^{(0)}obeys an inhomogeneous equation of the same type as (5) with the rhs defined entirely by the fast and slow motions of the previous approximation and the initial conditions. The same qualitative conclusions as in the QG regime in RSW, thus, hold in this case. Note that the phenomenon of classical baroclinic instability is intrinsically present in Eqs. (8). Thus, if the single typical spatial scale hypothesis is not violated during the development of the baroclinic instability, and hence (8) is still applicable, no IGW emission is expected at time scales up to 1/Ro

^{2}

*f*.

#### 2) The FG regime

Fast motion consists of inertial oscillations with *ω* ≃ *f*. They split out from the slow motion and exert no drag upon this latter. The slow motion concerns both vortex and wave components and consists of the evolution of the barotropic (*P*) and baroclinic (*η*) pressure fields and the slow modulation of the envelope of the inertial oscillations *d* = *H*_{1}/*H*_{2}, appears in the problem.

*d*=

*O*(1):

*d*=

*O*(

*ϵ*

^{2}):

The modulation of the wave field is thus guided by the pressure field in both subregimes, whereas the pressure evolves without feeling any influence of the waves. The same conclusion as in the FG regime in RSW is valid for the second subregime (layers of essentially different depth), namely, that guiding of the envelope of the fast motion by the slow one may give amplification of the former in specific locations. The dynamical separation of slow and fast components is, thus, incomplete, in spite of the absence of any fast-motion drag on the slow one. The manifestations of the fast motion are, nevertheless, not spontaneous in the sense that the presence of the fast component in the initial conditions is required. An even more drastic “non-decoupling” of slow and fast components arises in the first subregime (layers of comparable depth). Although there is still no drag of the fast motion on the slow one, the envelope of the inertial oscillations evolves at the same slow time scale as the underlying (guiding) slow field. Again, the manifestations of the fast field on the background of the slow one are not spontaneous, although the focusing of the inertial oscillations field due to guiding may lead to confusion with such, as in the RSW case.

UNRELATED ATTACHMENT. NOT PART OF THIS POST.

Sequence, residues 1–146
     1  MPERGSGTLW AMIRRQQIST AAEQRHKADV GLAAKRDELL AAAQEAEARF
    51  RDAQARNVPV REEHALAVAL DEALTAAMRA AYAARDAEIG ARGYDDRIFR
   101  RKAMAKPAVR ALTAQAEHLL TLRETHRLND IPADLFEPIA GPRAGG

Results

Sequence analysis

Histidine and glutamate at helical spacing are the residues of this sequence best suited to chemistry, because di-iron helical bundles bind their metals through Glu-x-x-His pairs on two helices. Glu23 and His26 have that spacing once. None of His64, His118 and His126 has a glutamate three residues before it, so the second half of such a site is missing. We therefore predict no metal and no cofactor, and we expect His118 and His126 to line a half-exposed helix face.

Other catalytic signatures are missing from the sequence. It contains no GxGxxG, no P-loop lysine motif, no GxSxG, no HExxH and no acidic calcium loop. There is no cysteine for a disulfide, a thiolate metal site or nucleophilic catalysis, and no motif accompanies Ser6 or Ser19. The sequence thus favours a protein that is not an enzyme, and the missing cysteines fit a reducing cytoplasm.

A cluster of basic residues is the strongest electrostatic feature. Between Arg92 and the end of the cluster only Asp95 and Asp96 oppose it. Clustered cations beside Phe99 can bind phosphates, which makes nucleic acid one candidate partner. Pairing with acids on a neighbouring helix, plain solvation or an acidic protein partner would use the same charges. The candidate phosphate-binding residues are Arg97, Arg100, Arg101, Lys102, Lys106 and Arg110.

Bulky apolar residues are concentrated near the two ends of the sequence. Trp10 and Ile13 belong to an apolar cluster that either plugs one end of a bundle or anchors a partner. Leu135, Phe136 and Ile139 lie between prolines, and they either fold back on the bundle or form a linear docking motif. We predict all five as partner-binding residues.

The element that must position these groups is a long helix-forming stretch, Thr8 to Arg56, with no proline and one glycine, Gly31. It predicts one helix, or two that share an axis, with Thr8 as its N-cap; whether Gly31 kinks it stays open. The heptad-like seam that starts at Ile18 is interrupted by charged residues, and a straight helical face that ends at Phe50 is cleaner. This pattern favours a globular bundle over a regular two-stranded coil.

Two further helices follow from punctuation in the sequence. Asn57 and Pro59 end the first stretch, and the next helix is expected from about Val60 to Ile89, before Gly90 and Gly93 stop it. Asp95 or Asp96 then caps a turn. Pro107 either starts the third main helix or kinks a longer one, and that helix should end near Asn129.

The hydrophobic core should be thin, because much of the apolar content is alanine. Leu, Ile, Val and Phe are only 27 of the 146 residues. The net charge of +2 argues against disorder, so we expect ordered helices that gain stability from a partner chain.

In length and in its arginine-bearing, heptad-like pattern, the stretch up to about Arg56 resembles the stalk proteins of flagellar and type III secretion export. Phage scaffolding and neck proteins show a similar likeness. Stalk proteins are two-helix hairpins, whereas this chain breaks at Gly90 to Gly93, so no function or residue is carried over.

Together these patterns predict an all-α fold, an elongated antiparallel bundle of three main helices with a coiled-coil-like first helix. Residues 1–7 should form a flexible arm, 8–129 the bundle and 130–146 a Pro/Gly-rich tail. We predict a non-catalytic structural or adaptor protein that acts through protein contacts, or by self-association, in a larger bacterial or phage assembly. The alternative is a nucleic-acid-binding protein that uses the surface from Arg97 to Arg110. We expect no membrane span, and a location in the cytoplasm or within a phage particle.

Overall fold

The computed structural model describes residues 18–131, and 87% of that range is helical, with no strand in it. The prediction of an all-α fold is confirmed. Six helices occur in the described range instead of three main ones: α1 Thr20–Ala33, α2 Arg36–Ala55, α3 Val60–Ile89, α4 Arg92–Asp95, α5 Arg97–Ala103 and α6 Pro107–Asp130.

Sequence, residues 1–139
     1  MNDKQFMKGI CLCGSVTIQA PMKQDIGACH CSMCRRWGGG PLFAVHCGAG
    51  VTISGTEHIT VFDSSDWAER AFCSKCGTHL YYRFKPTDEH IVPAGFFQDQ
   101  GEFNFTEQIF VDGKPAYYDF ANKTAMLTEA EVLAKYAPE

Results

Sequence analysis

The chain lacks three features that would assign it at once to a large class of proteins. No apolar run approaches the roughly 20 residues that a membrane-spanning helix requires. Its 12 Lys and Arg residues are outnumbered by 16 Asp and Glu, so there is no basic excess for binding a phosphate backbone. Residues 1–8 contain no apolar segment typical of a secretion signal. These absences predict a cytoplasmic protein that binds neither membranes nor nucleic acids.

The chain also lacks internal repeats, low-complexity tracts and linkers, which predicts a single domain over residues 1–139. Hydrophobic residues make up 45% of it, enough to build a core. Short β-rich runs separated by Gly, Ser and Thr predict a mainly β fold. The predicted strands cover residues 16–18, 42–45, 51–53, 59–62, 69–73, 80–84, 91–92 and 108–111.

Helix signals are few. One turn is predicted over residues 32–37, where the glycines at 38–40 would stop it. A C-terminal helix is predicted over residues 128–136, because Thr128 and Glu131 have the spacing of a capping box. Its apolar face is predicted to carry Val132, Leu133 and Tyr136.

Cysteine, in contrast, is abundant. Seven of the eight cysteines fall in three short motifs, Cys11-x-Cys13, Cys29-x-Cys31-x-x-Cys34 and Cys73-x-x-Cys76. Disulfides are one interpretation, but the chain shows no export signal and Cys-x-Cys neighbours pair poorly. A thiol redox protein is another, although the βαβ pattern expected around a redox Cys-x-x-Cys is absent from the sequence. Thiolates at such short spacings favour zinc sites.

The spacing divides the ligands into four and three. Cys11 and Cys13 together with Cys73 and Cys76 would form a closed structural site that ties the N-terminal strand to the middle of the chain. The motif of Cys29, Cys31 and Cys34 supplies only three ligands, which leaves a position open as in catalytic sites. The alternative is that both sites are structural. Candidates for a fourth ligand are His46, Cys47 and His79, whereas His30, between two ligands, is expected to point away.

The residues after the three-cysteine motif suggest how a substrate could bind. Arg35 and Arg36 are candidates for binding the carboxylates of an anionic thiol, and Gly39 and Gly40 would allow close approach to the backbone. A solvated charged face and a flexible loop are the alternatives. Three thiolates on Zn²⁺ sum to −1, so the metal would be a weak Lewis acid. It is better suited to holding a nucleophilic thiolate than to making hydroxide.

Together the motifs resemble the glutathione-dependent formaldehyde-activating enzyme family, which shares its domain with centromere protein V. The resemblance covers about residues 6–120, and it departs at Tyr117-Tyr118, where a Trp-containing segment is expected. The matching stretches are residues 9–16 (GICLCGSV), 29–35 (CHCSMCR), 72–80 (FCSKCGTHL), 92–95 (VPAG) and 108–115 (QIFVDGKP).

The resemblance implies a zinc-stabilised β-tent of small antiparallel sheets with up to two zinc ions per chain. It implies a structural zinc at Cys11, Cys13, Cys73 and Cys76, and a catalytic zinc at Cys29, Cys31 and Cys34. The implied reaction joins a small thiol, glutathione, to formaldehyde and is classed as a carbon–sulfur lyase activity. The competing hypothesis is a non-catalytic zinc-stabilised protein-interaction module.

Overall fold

### d. Fast–slow splitting in HSPE

In this section the results (Zeitlin et al. 2003) of the application of the general method to hydrostatic primitive equations are presented. Again, they corroborate the earlier results (Embid and Majda 1998; Babin et al. 1997b), with the distinction of treating localized initial conditions, and thus wave emission, including higher-order corrections in Ro, and treating the FG regime.

#### 1) The QG regime

*N*(

*z*) is the vertical profile of the Brunt–Väisälä frequency. The first-order correction to the fast wave field is governed by the inhomogeneous Eq. (17), with the rhs defined by self-interaction of the leading-order wave field and its interaction with the leading-order balanced field.

*D*/

*Dτ*is the advective derivative corresponding to the “full” velocity field

v

^{(0)}+

*ϵ*

v

^{(1)}:

**∇**

_{N}= (

**∇**

_{h}, (1/

*N*

^{2})∂

_{z}),

*σ*= (1/2

*N*

^{2})(log

*N*

^{2})″, and the full pressure field

*=*p

p

^{(0)}+

*ϵ*

p

^{(1)}and full slow time ∂

_{τ}= ∂

_{t1}+

*ϵ*∂

_{t2}were introduced. These equations extend the domain of validity of the standard QG equation to the times of the order (1/Ro

^{2}

*f*).

The same conclusions as in the RSW and 2RSW cases concerning fast–slow splitting and IGW emission hold in this case.

#### 2) The FG regime

*z*of the modulated amplitude

*. The inertial oscillations exert no drag upon the slow component, which obeys the following equations:*p

### e. Discussion